The real
numbers constitute a completion
of the rational
numbers, ratios of whole numbers, by filling in the gaps
so as to
obtain a continuum. There are several equivalent ways to do this; I chose a
variant of
the Dedekind cut
approach, performed before the application of the standard completion of
addition by introduction of negative values.
Given the natural numbers, we must
first establish the multiplication and
addition they support, then prove
(multiply, add)
that both are Abelian, the addition is
cancellable and that the
multiplication's restriction to positive naturals is cancellable. From this,
one can build a representation of ratios, the results of dividing a natural by a
positive natural, without needing the latter to be a factor of the former.
There are various ways to do that, so
I've picked one that happens to have some
convenient properties when I come to consider linear spaces. This gives
us natural ratios
of form n/m = m\n for m, n natural with m non-zero (so
positive); when n is also non-zero, n/m is a positive ratio
.
Orthodoxy generally formulates ratios as pairs of whole numbers subject to an equivalence, [n, p] ~ [m, q] precisely if n.q = p.m, which allows a definition of multiplication as [n, p].[m, q] = [n.m, p.q] and of addition as [n, p] +[m, q] = [n.q +p.m, p.q], yielding the familiar world of ratios if we interpret [m, q] as m/q. One can do essentially the same trick – with [n, p] ~ [m, q] precisely if n+q = m+p and suitably amended addition and multiplication – to complete an abelian cancellable addition, such as that on {naturals} or on {natural ratios}, so as to obtain an additive identity (if one was previously lacking) and additive inverses. I deliberately opt to not do this until later because working only with positives saves a whole lot of fiddly complications.
Between any two distinct natural ratios, no matter how close, there are as
many positive ratios as {naturals} has members; all the same, it turns out that
there are not enough
of them. If we complete their addition and try to
use the result to define a two-dimensional plane, we can define a squared
distance
function (: x.x+y.y ←[x,y] :) and thus the notion of an
isometry, a linear map that preserves squared distance. We discover that we
only get a rather limited set of rotations (specifically, those through angles
seen in pythagorean triangles or
obtained from these by addition and subtraction). In particular, we can't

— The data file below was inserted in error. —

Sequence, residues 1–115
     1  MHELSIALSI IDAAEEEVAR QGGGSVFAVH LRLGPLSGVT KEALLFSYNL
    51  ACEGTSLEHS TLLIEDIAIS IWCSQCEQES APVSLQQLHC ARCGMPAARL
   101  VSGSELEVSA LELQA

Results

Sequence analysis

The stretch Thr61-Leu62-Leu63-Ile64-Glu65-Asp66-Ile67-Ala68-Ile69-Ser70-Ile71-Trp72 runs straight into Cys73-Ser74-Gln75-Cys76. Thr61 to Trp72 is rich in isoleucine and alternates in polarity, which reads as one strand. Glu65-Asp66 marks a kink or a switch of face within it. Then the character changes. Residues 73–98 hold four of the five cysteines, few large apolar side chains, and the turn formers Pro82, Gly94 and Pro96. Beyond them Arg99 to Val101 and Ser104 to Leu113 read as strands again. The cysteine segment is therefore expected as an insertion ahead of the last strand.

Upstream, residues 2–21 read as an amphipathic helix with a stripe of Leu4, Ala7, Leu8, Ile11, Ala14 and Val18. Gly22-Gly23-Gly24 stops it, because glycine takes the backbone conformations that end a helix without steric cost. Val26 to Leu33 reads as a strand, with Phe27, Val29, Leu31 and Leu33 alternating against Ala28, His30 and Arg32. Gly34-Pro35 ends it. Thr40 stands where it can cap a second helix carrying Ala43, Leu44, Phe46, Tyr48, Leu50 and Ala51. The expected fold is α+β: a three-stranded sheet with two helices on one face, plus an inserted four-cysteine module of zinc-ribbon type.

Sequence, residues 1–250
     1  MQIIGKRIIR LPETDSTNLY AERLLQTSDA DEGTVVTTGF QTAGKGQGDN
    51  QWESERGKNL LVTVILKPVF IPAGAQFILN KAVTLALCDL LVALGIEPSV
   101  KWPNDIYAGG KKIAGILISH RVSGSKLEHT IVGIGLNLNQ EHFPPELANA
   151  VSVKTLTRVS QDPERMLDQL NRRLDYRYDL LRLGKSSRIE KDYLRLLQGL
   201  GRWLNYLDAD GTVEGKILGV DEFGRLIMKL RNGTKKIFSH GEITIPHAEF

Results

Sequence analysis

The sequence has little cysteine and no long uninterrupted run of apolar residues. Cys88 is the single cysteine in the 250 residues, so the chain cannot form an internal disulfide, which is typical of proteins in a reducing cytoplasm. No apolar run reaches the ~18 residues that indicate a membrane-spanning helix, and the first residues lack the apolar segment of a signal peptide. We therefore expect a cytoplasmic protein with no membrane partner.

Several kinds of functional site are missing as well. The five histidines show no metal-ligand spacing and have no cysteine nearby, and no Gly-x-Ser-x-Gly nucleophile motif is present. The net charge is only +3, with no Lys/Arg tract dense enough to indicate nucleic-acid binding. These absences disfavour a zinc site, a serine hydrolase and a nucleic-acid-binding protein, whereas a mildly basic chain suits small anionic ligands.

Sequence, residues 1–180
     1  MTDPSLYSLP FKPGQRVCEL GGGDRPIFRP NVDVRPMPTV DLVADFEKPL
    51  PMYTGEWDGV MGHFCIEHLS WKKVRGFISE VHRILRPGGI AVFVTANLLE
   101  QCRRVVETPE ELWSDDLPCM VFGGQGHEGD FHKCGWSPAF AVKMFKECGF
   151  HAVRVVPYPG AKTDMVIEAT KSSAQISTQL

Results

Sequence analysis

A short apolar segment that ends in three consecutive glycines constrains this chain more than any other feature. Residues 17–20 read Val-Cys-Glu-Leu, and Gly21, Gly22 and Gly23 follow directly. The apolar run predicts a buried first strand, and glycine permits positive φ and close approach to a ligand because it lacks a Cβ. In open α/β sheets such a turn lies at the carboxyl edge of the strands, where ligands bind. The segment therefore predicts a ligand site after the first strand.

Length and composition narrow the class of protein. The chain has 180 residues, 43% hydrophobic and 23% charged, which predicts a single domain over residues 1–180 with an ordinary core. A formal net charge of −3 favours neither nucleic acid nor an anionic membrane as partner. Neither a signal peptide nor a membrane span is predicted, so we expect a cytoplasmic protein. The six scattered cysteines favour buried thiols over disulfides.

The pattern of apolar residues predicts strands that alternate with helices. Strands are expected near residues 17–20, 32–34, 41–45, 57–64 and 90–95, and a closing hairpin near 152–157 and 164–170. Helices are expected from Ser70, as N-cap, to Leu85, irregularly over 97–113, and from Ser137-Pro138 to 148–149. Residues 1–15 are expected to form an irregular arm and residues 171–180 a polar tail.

rotate through turn / n for any natural n other than 1, 2 and 4; we can
construct plenty of pairs of lines that meet in angles through which we can't
rotate; and thus there are many radial lines, e.g. {[x,x]: x is a natural ratio}
which manage to pass from inside the unit circle, {[x,y]: x.x+y.y=1}, to outside
it without ever intersecting it. The purpose of the real numbers is to provide
a way to fill in the gaps
so as to avoid these
deficiencies. (Technically, the algebraic numbers suffice to fill in the gaps
I've actually mentioned here; but there are other gaps, that it's harder to
explain, for which one needs the reals.)
Let a sub-set Q of {positive ratios} be termed initial
precisely if x
in Q implies Q subsumes {positive ratio y: x > y}; and understand two such
subsets as equivalent precisely if there is at most one ratio in one of them but
not in the other. (One could equally say only finitely many
in place
of at most one
, as it happens.) Every non-empty initial has infinitely
many members. I shall refer to a non-empty proper initial sub-set of {positive
ratios}, understood modulo this equivalence, simply as a
positive
; the collection of such is then {positives}. The empty set is an
initial sub-set of {positive ratios} and serves as a zero; the set {positive
ratios} is also initial in itself and serves as an infinity; the former is empty
and the latter is not proper, so neither is included in {positives}.
When two positives are equivalent but distinct, with the single ratio in one
but not the other being some r, then the two positives are necessarily {x: x
< r} and {x: x ≤ r}, from the specification of their being initial; these
shall represent the positive ratio r within {positives}. When an initial
sub-set of the positive ratios is {x: x ≤ r} for some r, I shall refer to it
as a rational positive
and to r as its maximum; it should be evident that
an initial sub-set of the positives has a maximal element precisely if
it is a rational positive and this element is its maximum. I shall refer to the
rational positive that represents any (positive) natural as a positive ratio as
a natural positive
(not to be confused with the positive natural that it
represents).
We may define addition and multiplication on {positives} by the simple expedient of applying to every member: that is, x.y = {r.s: r in x, s in y} and x+y = {r+s: r in x, s in y}. We must, again, show that each is cancellable and that the multiplication is complete (hence forms a group). The latter is achieved by identifying the inverse of a positive, x, as {positive ratio r: for all s in x, r.s < 1}. We can extend the addition via {}+x = x to make {} serve as additive identity, 0; extending multiplication by using the same rule as for positives, we obtain {}.x = {} for every initial x, so 0 breaks multiplicative cancellability (as is only to be expected).
We obtain a natural order on initial subsets from: x ≥ y precisely if {r in y: r not in x} is finite; this arises precisely when x subsumes y or is equivalent to y. This leads conveniently to any non-empty set of initial subsets having a least upper bound (its union) and a greatest lower bound (its intersection), although the latter may be empty and the former might be infinity. When a set of positives thus combined is finite, these shall be maximal and minimal elements of the set (hence neither zero nor infinity). If we have an infinite sequence of initial subsets, we can derive from it two (non-strictly) monotonic sequences, one increasing, the other decreasing, by taking the intersection and union (respectively) of all entries in the sequence past each given point in it. By taking the union of the former and the intersection of the latter we obtain lower and upper bounds (respectively) on what values sub-sequences of the original sequence can converge to. If the original sequence does converge, these two bounds shall coincide and give us the limiting value. In particular, whenever a sequence is convergent, we are assured that it does have a limit; note, however, that even the limit of a convergent sequence of positives may be {}, i.e. zero.